Almost certainly, no executive ever stayed there.
But that doesn’t mean people never heard of the Executive Inn in Rock Hill. It might be the only transient hotel in America, or the world, where an assault with a deadly weapon was alleged, and the weapon was a snake.
“My snake,” said Tim Villejoin.
The 4-foot python’s name was Moudkaii. In April 2010, one of the people staying there claimed that another guy at “The Executive,” as street people call the place, hit him in the face with old Moudkaii. The complaint was allegedly over music played too loud. Tempers flared, as tempers can in places like The Executive, and allegations flew.
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It may be the only police case since the Garden of Eden that involved alleged sin, a snake, beer, and the Bible.
The victim cried foul over the snake being near him, then the alleged assailant was arrested and claimed the incident didn’t happen as the victim told the police. The incident turned from allegations of using the snake as a weapon of assault to an actual snakebite. The Herald broke the story of the alleged assault by snake, the denials, and the story of what happened outside room 208 on the second floor balcony of the Executive Inn became an international sensation because apparently no snakes are ever used as alleged weapons in Britain and Boston and Bhutan.
“It blew my mind,” Villejoin said Friday by phone on a break from his job. “People from all over heard about it.”
It did not hurt the story that Villejoin, at that time, admitted that he had as many piercings as a pincushion, and tattoos on his neck and arms and likely in places that no one should ever have to see, and a Mohawk-style pompadour. He proudly showed off the snake in pictures in The Herald.
“I was the kid in high school at Rock Hill High with the piercings and tattoos,” Villejoin said. “I still have the Mohawk – but not as many piercings. But it was the snake that everybody remembers.”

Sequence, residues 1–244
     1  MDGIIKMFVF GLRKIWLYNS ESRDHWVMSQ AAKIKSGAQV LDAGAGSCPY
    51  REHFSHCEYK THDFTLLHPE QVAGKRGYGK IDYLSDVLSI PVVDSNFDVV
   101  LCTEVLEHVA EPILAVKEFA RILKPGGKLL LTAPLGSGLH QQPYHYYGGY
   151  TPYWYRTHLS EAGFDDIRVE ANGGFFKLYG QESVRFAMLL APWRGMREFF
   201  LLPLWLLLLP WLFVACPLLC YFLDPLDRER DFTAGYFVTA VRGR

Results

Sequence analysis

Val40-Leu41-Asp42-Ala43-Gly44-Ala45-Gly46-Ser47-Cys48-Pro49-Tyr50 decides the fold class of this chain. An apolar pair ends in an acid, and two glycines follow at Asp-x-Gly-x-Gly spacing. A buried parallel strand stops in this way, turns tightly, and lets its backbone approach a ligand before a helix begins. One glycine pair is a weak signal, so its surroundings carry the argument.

Eventually, the case was dismissed and expunged from the record forever. The snake, Moudkaii, again had a clean record.
“My snake never bit that man, as I said back then, because if he had it would have been a horseshoe-shaped bite,” Villejoin said. “The only time it ever bit me was when I caught the snake in the door on accident.”
Not long after the publicity from the alleged snake attack, Villejoin moved to North Carolina and since has been promoted in his job and found what he said Friday is a good and positive life that continues to get better. Unfortunately, Moudkaii, which Villejoin had since 1998 when he was in high school, “passed away” two years ago.
“I shed more than one tear when my snake died,” said Villejoin, 32. “But I won’t cry for The Executive.”
Villejoin is not sad to hear that officials have condemned the Executive Inn. It is a place that police reports and indictments and convictions show had drugs, overdoses, prostitution, illegal tattooing, armed robbery, even a murder a few years ago. Police and city officials say the crumbling building is unsafe and a hazard and ordered its closing, with plans to give the building the electric chair.
“It needs to go,” Villejoin said. “There was problems there.”
And one alleged assault by snake.
“People will probably remember The Executive for all the problems they had there, and they will remember one other thing,” Villejoin. “My snake who got a bad rap.”